Welcome to 2017! I love a prayer that I have heard a number of times from another church leader at the start of a new day. He will regularly pray “Thank you God for the gift of this new day, fresh off the shelf of heaven. A new day that has never existed before and we will live with you only once. Thank you for this amazing gift!” We could pray just such a prayer at the start of this new year.

As Christians we seek to live each day, and each year, following the teaching, guidelines and instructions that God has given us in the Bible. Recently I’ve been asking whether there are any Biblical principles that apply to a decision we have to make as a church community.

You may recall that a number of months ago we changed they way that the bread and wine are distributed at communion services. This was prompted by safety concerns for some who find the two steps on the semi-circular dais difficult and the last thing we would want as a church is for someone to fall and hurt themselves. We therefore moved to serving communion at the semi-circular dais rather than at the sanctuary steps. Initially we tried serving communion from one spot, however this didn’t allow people the time to properly engage with receiving the bread and wine. We more recently changed to serving communion around the dais which has allowed at least as much time for each person as when we previously served communion at the sanctuary steps. The intention however was to move back to the original location after we have installed handrails on the dais.

Something significant has recently happened that has meant the PCC are again considering where we should serve communion in the longer term. Towards the end of September, for the very first time, one of the members of our church community in a wheelchair was wheeled forward to receive communion at the steps to the dais along with everyone else. Subsequently all our friends from Coldeast have come forward in their wheelchairs to the dais, either to receive communion or a prayer of blessing.

On a personal basis I had no preference for where we serve communion and would be content for it to continue at the dais, or to return to the sanctuary steps. However I believe that something significant happened in that moment when one of our wheelchair users received communion for the first time alongside everyone else. Here is where I start asking myself if there are Biblical principles to inform the decision we have to make and I believe there are.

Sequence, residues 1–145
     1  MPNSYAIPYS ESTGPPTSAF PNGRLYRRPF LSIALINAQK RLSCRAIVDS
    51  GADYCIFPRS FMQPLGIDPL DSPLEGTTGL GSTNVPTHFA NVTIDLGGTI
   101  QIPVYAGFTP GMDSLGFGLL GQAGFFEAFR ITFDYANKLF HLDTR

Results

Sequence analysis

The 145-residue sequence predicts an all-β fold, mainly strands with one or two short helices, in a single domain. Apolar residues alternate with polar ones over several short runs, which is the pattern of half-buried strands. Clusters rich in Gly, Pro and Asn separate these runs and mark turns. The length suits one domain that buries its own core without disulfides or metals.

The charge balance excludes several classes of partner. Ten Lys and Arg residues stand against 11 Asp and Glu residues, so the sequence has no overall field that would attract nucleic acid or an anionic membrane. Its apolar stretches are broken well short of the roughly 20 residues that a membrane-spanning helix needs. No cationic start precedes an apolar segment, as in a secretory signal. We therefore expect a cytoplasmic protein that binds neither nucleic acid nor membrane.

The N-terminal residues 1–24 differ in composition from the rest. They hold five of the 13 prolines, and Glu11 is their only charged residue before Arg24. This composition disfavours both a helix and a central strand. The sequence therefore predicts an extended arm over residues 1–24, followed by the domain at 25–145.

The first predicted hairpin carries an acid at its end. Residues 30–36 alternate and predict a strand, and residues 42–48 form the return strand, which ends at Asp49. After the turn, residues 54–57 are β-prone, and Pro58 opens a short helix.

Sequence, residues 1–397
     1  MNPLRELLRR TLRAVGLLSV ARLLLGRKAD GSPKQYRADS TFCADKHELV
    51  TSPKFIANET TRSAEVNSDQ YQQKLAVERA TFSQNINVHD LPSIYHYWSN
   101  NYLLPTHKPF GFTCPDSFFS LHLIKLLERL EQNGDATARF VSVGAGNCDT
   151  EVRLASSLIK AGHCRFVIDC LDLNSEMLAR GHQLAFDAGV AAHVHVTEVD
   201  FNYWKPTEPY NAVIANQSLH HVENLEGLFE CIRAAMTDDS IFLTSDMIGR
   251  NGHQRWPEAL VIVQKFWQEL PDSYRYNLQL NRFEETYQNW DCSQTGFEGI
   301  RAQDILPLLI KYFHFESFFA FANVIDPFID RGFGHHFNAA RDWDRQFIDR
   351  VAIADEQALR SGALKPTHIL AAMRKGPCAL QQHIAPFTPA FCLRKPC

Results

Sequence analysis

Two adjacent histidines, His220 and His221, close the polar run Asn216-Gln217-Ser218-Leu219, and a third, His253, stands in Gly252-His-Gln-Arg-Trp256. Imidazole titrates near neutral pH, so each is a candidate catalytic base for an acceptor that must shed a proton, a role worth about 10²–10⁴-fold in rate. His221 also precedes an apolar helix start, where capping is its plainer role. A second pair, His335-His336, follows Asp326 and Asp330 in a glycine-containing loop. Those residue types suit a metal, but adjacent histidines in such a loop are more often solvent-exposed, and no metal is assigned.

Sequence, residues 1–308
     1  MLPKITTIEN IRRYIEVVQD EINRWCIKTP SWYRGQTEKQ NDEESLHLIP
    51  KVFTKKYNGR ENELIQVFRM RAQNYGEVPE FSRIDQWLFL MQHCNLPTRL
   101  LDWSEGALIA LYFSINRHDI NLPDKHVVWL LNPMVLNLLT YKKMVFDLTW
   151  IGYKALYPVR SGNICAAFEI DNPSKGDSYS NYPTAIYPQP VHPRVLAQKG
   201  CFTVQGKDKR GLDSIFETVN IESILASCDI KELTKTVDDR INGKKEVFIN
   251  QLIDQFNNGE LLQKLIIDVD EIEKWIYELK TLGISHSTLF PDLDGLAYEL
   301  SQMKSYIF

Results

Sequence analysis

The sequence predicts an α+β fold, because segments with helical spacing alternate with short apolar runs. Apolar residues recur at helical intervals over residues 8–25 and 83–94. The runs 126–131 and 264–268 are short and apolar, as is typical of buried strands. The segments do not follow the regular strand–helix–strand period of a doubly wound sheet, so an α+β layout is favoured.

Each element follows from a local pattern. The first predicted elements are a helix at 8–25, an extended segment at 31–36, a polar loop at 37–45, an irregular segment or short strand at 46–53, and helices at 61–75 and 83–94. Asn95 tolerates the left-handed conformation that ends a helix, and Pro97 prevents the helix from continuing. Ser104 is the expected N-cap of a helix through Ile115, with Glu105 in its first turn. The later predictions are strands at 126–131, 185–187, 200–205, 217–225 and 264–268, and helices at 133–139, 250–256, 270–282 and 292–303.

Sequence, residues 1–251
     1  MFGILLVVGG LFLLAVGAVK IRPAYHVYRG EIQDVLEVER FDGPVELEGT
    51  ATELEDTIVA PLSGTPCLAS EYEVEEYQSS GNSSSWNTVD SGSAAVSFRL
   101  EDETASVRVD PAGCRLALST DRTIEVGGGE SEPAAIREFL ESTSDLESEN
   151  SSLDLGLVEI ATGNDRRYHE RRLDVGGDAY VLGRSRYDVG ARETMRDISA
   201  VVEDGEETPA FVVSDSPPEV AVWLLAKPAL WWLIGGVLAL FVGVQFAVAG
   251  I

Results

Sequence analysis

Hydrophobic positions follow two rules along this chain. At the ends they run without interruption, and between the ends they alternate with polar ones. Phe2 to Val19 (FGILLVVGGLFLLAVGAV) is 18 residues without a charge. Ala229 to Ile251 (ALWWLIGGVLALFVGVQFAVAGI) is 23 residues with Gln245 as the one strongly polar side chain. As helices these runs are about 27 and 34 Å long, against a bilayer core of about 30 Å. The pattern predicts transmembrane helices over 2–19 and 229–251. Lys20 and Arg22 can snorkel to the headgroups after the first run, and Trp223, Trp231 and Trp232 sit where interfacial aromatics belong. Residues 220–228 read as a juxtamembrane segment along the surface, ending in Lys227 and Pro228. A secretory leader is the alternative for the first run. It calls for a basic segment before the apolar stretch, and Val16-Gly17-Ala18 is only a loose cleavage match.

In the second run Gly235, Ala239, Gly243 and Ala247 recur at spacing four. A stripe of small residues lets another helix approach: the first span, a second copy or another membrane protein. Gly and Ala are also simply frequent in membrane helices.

We are encouraged and instructed to think first about others before ourselves. “Don’t do anything for selfish purposes, but with humility think of others as better than yourselves.” Philippians 2:3 and “Treat people in the same way that you want them to treat you.” Luke 6:31 If we are honest this is a difficult principle, putting others first doesn’t always come easy. I am aware that there are some who through the practice of many years have grown used to receiving communion is a particular place, and greatly value the moment at the communion rail. I wonder if this Biblical principle may speak to us?

The next Biblical principle that I think helps us is that we are all equal before God. “There is no Jew or Gentile. There is no slave or free person. There is no male or female. That’s because you are all one in Christ Jesus.” Galatians 3:28. We are all equal and we are all one, and communion is a meal that unites us together in our faith and worship. In the original context communion was part of a meal with an extended family. All would receive equally and there would never be a thought about some some having communion in one place and others somewhere different.

The third Biblical principle I’ve found is in Paul’s letter to the church in Corinth. The church in Corinth had a number of divisions and these showed in their worship. Paul’s clear encouragement to them is that when they meet together for communion they do so as a united, equal community. One family wasn’t to eat their communion meal without the others and the rich were to share equally with the poor. All were to eat equally and none were to be treated differently because of their circumstances.

We all need to consider how these, and maybe other, Biblical principles relate to the decision we need to make as a church community. In January we will be asking as many people as possible to indicate the location where they feel we should serve communion within our main morning services. I will be addressing this question in my sermon on Sunday the 16th of January and we will then make a response form available for you to return by the end of January. The PCC will consider the responses at our February meeting.

Please consider your response carefully, and prayerfully, asking God for guidance from His Word.